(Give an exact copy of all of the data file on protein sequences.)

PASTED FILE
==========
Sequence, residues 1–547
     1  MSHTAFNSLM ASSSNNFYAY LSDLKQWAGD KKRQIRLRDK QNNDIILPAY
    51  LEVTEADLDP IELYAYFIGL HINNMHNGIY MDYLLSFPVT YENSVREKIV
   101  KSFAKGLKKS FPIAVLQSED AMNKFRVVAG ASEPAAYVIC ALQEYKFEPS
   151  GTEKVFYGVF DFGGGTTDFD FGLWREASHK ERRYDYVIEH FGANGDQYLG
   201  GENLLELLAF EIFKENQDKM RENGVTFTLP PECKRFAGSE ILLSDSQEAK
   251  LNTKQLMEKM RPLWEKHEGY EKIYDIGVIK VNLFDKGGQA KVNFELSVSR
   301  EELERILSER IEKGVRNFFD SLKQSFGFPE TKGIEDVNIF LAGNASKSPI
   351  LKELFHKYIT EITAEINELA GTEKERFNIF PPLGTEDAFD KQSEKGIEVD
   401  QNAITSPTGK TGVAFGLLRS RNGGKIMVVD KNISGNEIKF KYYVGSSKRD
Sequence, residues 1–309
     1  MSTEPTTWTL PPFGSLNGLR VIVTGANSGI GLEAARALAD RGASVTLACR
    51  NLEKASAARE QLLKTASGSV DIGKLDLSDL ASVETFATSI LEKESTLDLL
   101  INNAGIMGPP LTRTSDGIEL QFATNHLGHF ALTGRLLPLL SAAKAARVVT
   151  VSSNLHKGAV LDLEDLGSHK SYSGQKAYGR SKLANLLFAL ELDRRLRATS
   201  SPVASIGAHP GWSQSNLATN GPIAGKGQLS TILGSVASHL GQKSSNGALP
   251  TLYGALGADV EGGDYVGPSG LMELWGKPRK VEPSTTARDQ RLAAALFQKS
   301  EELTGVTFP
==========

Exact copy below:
Sequence, residues 1–547
     1  MSHTAFNSLM ASSSNNFYAY LSDLKQWAGD KKRQIRLRDK QNNDIILPAY
    51  LEVTEADLDP IELYAYFIGL HINNMHNGIY MDYLLSFPVT YENSVREKIV
   101  KSFAKGLKKS FPIAVLQSED AMNKFRVVAG ASEPAAYVIC ALQEYKFEPS
   151  GTEKVFYGVF DFGGGTTDFD FGLWREASHK ERRYDYVIEH FGANGDQYLG
   201  GENLLELLAF EIFKENQDKM RENGVTFTLP PECKRFAGSE ILLSDSQEAK
   251  LNTKQLMEKM RPLWEKHEGY EKIYDIGVIK VNLFDKGGQA KVNFELSVSR
   301  EELERILSER IEKGVRNFFD SLKQSFGFPE TKGIEDVNIF LAGNASKSPI
   351  LKELFHKYIT EITAEINELA GTEKERFNIF PPLGTEDAFD KQSEKGIEVD
   401  QNAITSPTGK TGVAFGLLRS RNGGKIMVVD KNISGNEIKF KYYVGSSKRD
Sequence, residues 1–309
     1  MSTEPTTWTL PPFGSLNGLR VIVTGANSGI GLEAARALAD RGASVTLACR
    51  NLEKASAARE QLLKTASGSV DIGKLDLSDL ASVETFATSI LEKESTLDLL
   101  INNAGIMGPP LTRTSDGIEL QFATNHLGHF ALTGRLLPLL SAAKAARVVT
   151  VSSNLHKGAV LDLEDLGSHK SYSGQKAYGR SKLANLLFAL ELDRRLRATS
   201  SPVASIGAHP GWSQSNLATN GPIAGKGQLS TILGSVASHL GQKSSNGALP
   251  TLYGALGADV EGGDYVGPSG LMELWGKPRK VEPSTTARDQ RLAAALFQKS
   301  EELTGVTFP